Surgical patients are vulnerable to opioid dependency and related risks. Clinical-translational data suggest that caffeine may enhance postoperative analgesia. This trial tested the hypothesis that intraoperative caffeine would reduce postoperative opioid consumption. The secondary objective was to assess whether caffeine improves neuropsychological recovery postoperatively.
This was a single-center, randomized, placebo-controlled trial. Participants, clinicians, research teams, and data analysts were all blinded to the intervention. Adult (≥18 years old) surgical patients (n = 65) presenting for laparoscopic colorectal and gastrointestinal surgery were randomized to an intravenous caffeine citrate infusion (200 mg) or dextrose 5% in water (40 mL) during surgical closure. The primary outcome was cumulative opioid consumption through postoperative day 3. Secondary outcomes included subjective pain reporting, observer-reported pain, delirium, Trail Making Test performance, depression and anxiety screens, and affect scores. Adverse events were reported, and hemodynamic profiles were also compared between the groups.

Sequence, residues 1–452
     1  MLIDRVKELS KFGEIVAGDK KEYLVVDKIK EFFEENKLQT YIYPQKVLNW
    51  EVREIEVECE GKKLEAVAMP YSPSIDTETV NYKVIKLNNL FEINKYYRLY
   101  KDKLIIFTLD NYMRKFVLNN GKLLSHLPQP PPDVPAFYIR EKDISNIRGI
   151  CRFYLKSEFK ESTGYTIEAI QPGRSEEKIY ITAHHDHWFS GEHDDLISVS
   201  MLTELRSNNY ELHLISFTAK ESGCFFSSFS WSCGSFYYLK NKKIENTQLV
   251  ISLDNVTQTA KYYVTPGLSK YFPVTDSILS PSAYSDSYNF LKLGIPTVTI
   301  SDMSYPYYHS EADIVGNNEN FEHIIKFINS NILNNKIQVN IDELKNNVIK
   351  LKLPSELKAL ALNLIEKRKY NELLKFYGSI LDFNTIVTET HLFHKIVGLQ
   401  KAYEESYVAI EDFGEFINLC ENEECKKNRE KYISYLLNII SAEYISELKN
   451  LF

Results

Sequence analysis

Sixty patients were included in the final analysis, with 30 randomized to each group. The median (interquartile range) cumulative opioid consumption (oral morphine equivalents, milligrams) was 77 mg (33–182 mg) for caffeine and 51 mg (15–117 mg) for placebo (estimated difference, 55 mg; 95% confidence interval [CI], −9 to 118; P = .092). After post hoc adjustment for baseline imbalances, caffeine was associated with increased opioid consumption (87 mg; 95% CI, 26–148; P = .005). There were otherwise no differences in prespecified pain or neuropsychological outcomes between the groups. No major adverse events were reported in relation to caffeine, and no major hemodynamic perturbations were observed with caffeine administration.
Caffeine appears unlikely to reduce early postoperative opioid consumption. Caffeine otherwise appears well tolerated during anesthetic emergence.